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The Breathing Taiga: Researchers Explore Siberia's Role in Climate Change - International - SPIEGEL ONLINE - News

German researchers have constructed a massive tower deep in the Siberian wilderness where, under the watchful eyes of the Russian intelligence service, the scientists are measuring levels of environmental toxins and greenhouse gases. Their goal is to determine if the forests are helping to slow global warming or if they are heating up the planet even further.

From the top of the 300-meter steel tower, the surrounding countryside is a sea of green, stretching to the horizon in every direction. The uniform carpet of treetops is uninterrupted by roads or cities, with not even a single house in sight. The tower itself juts out of this vast carpet of green emptiness like a beacon. The red-and-white painted structure -- 120 tons of steel welded together, piece by piece -- is held in place by long wire cables.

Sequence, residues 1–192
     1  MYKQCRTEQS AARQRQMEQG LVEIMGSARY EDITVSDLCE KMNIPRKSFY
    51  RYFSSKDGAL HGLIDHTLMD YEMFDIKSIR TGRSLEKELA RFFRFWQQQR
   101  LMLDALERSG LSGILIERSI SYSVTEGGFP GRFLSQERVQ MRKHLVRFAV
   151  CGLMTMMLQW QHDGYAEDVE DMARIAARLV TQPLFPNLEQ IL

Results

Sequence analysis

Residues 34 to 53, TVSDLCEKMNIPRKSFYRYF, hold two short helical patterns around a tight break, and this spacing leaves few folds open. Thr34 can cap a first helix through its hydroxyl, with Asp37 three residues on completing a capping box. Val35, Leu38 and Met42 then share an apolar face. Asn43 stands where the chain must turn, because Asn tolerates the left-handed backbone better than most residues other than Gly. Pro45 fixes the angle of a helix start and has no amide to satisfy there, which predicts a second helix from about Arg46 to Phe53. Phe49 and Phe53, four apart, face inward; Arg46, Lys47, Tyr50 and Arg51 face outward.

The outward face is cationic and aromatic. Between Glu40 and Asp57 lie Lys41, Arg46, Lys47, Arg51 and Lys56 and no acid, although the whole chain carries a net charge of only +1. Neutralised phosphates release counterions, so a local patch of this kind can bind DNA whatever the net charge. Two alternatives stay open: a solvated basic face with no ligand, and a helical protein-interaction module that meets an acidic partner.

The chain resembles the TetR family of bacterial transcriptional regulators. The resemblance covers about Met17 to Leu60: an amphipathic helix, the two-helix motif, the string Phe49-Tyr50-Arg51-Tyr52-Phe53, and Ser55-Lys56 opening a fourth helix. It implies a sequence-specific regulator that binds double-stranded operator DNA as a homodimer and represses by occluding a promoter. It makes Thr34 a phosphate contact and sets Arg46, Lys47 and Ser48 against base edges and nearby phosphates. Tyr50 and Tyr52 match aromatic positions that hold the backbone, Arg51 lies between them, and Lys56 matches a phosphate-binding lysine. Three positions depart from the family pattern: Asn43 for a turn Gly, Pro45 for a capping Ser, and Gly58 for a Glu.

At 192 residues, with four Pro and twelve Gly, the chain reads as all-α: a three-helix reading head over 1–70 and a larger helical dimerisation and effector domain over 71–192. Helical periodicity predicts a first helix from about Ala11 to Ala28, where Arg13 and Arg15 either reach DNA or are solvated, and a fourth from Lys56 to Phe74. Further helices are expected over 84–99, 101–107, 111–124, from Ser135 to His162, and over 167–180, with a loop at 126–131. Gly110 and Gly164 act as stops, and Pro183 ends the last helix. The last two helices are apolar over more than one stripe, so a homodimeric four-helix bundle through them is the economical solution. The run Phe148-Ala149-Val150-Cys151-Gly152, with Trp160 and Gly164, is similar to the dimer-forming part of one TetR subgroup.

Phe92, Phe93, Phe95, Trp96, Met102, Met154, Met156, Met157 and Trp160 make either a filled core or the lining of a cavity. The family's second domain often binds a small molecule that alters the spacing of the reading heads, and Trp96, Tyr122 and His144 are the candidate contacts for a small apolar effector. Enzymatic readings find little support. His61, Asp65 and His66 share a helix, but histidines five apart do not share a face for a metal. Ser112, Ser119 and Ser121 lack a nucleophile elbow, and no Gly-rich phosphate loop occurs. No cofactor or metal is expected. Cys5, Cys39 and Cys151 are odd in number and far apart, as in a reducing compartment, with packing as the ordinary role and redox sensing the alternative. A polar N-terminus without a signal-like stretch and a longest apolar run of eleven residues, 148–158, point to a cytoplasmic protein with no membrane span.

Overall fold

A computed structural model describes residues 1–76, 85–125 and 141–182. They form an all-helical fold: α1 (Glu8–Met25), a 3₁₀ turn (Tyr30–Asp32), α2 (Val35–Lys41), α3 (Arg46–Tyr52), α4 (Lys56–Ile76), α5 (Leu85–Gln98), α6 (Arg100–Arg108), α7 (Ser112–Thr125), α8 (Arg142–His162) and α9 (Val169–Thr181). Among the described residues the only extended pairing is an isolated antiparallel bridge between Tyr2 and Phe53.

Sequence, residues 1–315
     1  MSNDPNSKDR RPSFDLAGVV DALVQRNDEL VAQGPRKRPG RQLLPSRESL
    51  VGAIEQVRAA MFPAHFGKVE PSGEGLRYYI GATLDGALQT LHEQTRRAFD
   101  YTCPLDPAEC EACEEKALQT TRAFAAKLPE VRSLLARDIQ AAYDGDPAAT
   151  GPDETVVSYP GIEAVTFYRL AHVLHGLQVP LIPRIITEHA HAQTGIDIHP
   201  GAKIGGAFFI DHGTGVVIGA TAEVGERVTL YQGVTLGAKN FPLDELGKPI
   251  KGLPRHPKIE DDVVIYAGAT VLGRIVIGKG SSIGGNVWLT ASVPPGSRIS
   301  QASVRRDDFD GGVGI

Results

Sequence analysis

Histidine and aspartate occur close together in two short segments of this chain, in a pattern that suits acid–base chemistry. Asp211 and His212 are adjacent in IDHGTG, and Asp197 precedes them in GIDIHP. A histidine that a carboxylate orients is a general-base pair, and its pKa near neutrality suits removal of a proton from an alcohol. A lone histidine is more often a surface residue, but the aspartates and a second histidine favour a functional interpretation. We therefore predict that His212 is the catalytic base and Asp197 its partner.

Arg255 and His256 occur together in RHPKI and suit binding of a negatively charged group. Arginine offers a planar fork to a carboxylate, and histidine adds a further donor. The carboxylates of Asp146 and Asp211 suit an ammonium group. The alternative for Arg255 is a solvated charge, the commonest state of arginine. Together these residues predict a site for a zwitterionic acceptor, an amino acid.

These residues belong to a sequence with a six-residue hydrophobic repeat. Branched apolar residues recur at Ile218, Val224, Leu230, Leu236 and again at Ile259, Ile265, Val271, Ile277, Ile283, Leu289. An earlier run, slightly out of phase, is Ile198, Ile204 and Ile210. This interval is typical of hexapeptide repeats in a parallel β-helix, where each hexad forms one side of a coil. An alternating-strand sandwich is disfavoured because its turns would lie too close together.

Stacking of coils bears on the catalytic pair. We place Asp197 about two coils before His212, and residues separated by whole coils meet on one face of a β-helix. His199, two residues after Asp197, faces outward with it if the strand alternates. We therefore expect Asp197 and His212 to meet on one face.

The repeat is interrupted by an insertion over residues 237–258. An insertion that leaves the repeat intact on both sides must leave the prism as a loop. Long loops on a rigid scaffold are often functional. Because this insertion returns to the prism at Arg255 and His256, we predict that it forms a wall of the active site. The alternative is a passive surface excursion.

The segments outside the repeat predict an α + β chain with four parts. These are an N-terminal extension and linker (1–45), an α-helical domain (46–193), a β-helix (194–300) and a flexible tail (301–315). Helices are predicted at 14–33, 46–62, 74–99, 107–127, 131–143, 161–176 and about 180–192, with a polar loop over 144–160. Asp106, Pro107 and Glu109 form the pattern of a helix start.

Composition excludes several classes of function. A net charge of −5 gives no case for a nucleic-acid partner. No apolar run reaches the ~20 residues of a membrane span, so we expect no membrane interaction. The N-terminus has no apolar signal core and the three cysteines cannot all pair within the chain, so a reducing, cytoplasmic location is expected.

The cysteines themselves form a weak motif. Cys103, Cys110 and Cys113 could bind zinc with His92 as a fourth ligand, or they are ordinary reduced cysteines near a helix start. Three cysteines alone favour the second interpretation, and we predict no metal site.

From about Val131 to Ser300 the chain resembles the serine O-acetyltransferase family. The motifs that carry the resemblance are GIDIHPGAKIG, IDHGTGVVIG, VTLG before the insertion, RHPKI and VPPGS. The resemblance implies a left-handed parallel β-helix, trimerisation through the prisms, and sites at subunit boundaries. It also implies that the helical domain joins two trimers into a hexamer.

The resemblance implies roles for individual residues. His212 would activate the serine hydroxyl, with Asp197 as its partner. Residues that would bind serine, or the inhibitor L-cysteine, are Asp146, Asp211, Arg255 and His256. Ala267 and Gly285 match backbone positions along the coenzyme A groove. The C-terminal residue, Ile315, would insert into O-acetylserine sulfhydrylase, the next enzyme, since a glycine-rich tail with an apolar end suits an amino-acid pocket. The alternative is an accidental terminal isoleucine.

Ernst-Detlef Schulze, 65, is panting by the time he sets foot on the triangular platform at the top. He takes a quick, vertigo-inducing look down at the ground, snaps his safety belt to a metal ring and complains about a pain he has been having in his right knee for the past few days.

But no orthopedist could stop Schulze from climbing up the tower's narrow ladder. The structure is the crowning achievement of his scientific career, and the culmination of 30 years of grueling work in a country where a Western academic like Schulze is viewed primarily as a potential spy.

by Fran on Sat Jul 14th, 2007 at 01:14:43 AM EST
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as the Siberian bogs thaw they are releasing a lot of methane which is much more harmful to the environment than CO2
by zoe on Sat Jul 14th, 2007 at 06:56:36 AM EST
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